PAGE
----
# What is the mathematical reason for topological edge states?

There are many free fermion systems that possess topological edge/boundary states. Examples include quantum Hall insulators and topological insulators. No matter chiral or non-chiral, 2D or 3D, symmetry protected or not, their microscopic origins are similar. Explicitly speaking, when placing such a system on a geometry with open boundary in one spacial dimension (say the $x$-axis), and closed boundary in other spacial dimensions, the bulk model Hamiltonian is always reduced to one or several copies of the following 1D Hamiltonian along the open-boundary $x$-axis direction (see B. Zhou et al.,PRL 101, 246807) $$H_\text{1D}=-i\partial_x\sigma_1+k_\perp\sigma_2+(m-\partial_x^2+k_\perp^2)\sigma_3,$$ where $\sigma_{1,2,3}$ are the three Pauli matrices, and $k_\perp$ denotes the momentum perpendicular to $x$-axis (and could be extended to a matrix in higher dimensions). The existence of the topological edge state is equivalent to the existence of edge modes of $H_\text{1D}$ on an open chain.

It was claimed that the edge modes exist when $m<0$. After discretize and diagonalize $H_\text{1D}$, I was able to check the above statement. But my question is that whether there is a simple mathematical argument that allows one to judge the existence of the edge mode by looking at the differential operator $H_\text{1D}$ without really solving it? I believe there should be a reason if the edge mode is robust.

PS: I am aware of but not satisfied with the topological argument that the bulk band has non-trivial topology, which can not be altered without closing the bulk gap, thus there must be edge states on the boundary. Is it possible to argue from the property of $H_\text{1D}$ without directly referring to the bulk topology?

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How about computing the Chern index? – DaniH Apr 19 '13 at 20:54

I think I understand what you mean when you say that you're not satisfied with the “nontrivial bulk topology argument” when it comes to thinking about edge states. The Chern number (for time-reversal breaking) and $\mathbb{Z}_{2}$ invariant (for time-reversal symmetric) systems, as DaniH suggested, does indeed give you information about the edge states; the Chern number and $\mathbb{Z}_{2}$ invariant give the number and parity of edge states respectively. But these computations once again rely on directly dealing with the nontrivial bulk topology. It seems that you are more interested in explicitly seeing what's happening at the edge. There could (possibly) be many ways of doing this; one very popular one that I am aware of is the Jackiw-Rebbi solution. I know you want a simple argument without any calculations; don't worry, the below calculations are only there to make a point in the end. Consider a 2D Dirac model with a spatially varying mass term: $$H=-iv_{F}\left(\sigma_{x}\partial_{x}+\sigma_{y}\partial_{y}\right)+m(x)\sigma_{z}$$ where $\lim_{x\rightarrow\pm\infty}m(x)=\pm m_{0}$ and the sign of $m(x)$ on either side of $x=0$ stays the same; in that case we must have $m(0)=0$. If you consider the analogy of this generic Dirac model to topologically nontrivial systems, you would have a topologically nontrivial (trivial) system for $x<0$ $(x>0)$. Using the same boundary conditions you described $k_{y}$ is still a good quantum number. Therefore in the above Hamiltonian we can replace $i\partial_{y}\rightarrow k_{y}$; writing explicitly in matrix form we get $$H=\left(\begin{array}{cc} m(x) & -iv_{F}(\partial_{x}-k_{y})\\ -iv_{F}(\partial_{x}+k_{y}) & -m(x) \end{array}\right).$$ You can solve for the solutions $\Psi(x)=\left(\psi_{1}(x),\psi_{2}(x)\right)^{T}\equiv\left(u(x),v(x)\right)^{T}e^{ik_{y}y}$ with energy $E(k_{y})=v_{F}k_{y}$ as $$\left(\begin{array}{cc} m(x) & -iv_{F}(\partial_{x}-k_{y})\\ -iv_{F}(\partial_{x}+k_{y}) & -m(x) \end{array}\right)\left(\begin{array}{c} u(x)\\ v(x) \end{array}\right)=E\left(\begin{array}{c} u(x)\\ v(x) \end{array}\right).$$ Looking at the zero energy solution (by picking the most convenient $k_{y}=0$) we get a set of first-order coupled differential equations $$m(x)u(x)-iv_{F}\partial_{x}v(x)=0$$ and $$-iv_{F}\partial_{x}u(x)-m(x)v(x)=0$$ The equation for $v(x)$ after elimination is $$\partial_{x}^{2}v(x)=\left(\frac{m(x)}{v_{F}}\right)^{2}v(x)+\frac{1}{m(x)}\partial_{x}v(x)\partial_{x}m(x).$$ The general solution would be $$v(x)=C_{1}\sinh\left(-\frac{1}{v_{F}}\int dx\; m(x)\right)+C_{2}\cosh\left(-\frac{1}{v_{F}}\int dx\; m(x)\right).$$ Implementing the physically relevant boundary conditions ($\lim_{x\rightarrow\pm\infty}v(x)=0$) we have $$v(x)\propto\exp\left(-\frac{1}{v_{F}}\int dx\; m(x)\right).$$ For the simple (but slightly unphysical) case of $m(x)=m_{0}(2\theta(x)-1)$ it can be verified that we get a simple expression $$v(x)\propto\exp\left(-\frac{m_{0}}{v_{F}}|x|\right).$$ showing the state localized at the edge. You can get a more physical expression for $v(x)$ (i.e. one that is smooth at $x=0$) by choosing an $m(x)$ which changes less abruptly at $x=0$.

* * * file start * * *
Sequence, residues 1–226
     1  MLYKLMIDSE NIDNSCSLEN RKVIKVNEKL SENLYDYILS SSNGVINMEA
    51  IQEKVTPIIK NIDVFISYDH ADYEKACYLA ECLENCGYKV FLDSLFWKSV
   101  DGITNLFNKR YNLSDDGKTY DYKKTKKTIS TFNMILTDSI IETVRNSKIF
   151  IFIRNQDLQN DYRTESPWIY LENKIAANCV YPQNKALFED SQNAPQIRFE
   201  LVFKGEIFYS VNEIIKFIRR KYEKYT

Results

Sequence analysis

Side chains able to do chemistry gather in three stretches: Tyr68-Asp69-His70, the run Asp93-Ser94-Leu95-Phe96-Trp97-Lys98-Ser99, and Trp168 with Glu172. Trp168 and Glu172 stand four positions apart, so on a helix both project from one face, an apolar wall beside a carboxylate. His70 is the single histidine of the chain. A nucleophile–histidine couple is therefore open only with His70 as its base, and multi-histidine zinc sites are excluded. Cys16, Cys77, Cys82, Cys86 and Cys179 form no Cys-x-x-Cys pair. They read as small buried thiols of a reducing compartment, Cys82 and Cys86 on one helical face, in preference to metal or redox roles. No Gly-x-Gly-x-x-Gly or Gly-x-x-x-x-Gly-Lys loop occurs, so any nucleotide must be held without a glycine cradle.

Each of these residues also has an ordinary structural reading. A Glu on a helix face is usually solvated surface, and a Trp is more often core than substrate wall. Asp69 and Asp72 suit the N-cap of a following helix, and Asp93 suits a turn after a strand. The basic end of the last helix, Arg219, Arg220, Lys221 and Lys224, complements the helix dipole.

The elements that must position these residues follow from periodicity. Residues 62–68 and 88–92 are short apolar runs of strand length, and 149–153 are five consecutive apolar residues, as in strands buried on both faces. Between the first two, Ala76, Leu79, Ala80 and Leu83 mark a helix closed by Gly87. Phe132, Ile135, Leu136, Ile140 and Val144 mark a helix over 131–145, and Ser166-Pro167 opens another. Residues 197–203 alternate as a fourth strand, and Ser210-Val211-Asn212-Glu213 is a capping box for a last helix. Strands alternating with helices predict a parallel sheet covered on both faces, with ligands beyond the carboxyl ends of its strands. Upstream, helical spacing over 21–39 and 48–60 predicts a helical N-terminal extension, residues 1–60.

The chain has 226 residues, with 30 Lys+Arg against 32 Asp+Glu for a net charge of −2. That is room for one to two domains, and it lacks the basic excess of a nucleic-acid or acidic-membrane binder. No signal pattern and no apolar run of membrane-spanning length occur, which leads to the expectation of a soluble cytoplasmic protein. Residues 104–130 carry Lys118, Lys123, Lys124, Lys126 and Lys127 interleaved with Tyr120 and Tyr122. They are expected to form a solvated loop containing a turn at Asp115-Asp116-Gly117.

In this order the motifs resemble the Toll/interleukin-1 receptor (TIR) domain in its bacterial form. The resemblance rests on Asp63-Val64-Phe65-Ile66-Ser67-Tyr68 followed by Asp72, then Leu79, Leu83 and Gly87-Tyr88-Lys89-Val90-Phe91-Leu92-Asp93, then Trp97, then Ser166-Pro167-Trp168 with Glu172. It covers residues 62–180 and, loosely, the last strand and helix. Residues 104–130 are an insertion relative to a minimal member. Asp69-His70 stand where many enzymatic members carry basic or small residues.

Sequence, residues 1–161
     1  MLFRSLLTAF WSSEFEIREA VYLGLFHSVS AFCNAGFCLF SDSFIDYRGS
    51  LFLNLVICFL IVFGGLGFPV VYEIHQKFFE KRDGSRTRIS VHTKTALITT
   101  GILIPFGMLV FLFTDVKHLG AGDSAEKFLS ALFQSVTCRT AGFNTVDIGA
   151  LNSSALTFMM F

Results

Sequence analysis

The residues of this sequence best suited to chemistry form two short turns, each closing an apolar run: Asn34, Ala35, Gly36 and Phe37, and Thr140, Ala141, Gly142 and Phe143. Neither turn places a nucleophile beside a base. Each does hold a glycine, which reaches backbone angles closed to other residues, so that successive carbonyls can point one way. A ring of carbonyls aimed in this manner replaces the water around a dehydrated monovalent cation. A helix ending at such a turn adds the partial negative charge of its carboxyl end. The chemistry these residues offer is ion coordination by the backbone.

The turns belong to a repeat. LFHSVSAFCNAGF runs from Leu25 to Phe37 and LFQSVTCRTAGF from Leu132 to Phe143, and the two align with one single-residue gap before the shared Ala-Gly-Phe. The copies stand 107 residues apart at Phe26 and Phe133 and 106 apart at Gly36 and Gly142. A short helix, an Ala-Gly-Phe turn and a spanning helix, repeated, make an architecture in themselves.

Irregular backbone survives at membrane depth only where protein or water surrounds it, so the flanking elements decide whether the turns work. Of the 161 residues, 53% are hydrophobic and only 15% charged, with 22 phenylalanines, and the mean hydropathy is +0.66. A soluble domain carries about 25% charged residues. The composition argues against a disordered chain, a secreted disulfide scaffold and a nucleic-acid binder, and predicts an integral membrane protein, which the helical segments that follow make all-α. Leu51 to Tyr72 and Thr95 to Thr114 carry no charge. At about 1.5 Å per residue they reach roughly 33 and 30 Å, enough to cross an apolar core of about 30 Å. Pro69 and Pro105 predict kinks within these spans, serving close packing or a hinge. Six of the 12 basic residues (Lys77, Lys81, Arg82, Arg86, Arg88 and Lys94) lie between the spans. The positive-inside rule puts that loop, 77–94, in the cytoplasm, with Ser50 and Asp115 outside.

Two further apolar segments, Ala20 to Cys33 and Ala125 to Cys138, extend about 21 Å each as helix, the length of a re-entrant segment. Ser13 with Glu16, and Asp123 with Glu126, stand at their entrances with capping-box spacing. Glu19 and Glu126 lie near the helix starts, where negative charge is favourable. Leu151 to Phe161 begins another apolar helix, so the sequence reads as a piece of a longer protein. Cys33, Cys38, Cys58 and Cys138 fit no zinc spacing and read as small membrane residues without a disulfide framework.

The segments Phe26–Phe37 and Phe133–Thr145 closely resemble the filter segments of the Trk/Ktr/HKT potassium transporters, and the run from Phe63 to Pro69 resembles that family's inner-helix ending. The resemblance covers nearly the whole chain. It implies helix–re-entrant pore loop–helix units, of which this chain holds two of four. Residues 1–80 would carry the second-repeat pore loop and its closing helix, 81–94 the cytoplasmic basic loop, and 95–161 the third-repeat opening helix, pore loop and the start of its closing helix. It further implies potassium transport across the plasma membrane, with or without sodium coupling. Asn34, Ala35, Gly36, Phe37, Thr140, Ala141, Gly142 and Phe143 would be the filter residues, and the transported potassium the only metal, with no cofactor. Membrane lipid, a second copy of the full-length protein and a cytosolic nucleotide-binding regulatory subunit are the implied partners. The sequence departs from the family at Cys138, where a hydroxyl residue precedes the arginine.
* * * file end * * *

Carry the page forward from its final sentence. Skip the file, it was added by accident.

I realize that you are looking for a simple mathematical argument to see the existence of edge states without solving the model. Although I performed some trivial calculations above, the conclusion is that when a parameter (in this case $m(x)$) in the model crosses its critical value (critical point in the phase diagram) at a certain point in real space you are expected to see an edge state in the vicinity of that point. This is in no way a proof; I provided only one example!

I have one last comment on “I believe there should be a reason if the edge mode is robust.” Whether the robustness of the edge states can be determined from the model alone depends on the complexity of the model. For example, the robustness of the edge states in topological insulators comes from time-reversal symmetry. When you write down the Hamiltonian for (say) the HgTe/CdTe quantum well using the Bernevig-Hughes-Zhang (BHZ) model as a $4\times4$ matrix (which hold approximately at the $\Gamma$ point) you are constructing your model such that it respects time-reversal symmetry; it's not the other way around where the robustness is a consequence of the model. When dealing with the BHZ model, the robustness of edge states can be argued by enforcing Kramer's theorem on the dispersion of the edge states. You can read more on this in: What conductance is measured for the quantum spin Hall state when the Hall conductance vanishes?. Scroll all the way down until you see the question in the block quote “Also: Why is there only a single helical edge state per edge? Why must we have at least one and why can't we have, let's say, two states per edge?

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Thanks a lot for your detailed answer. I did not know that the zero mode can be shown in such a clear way. But I am still wondering if the index theorem is applicable here to interprete your proof of the zero mode. – Everett You Apr 20 '13 at 19:01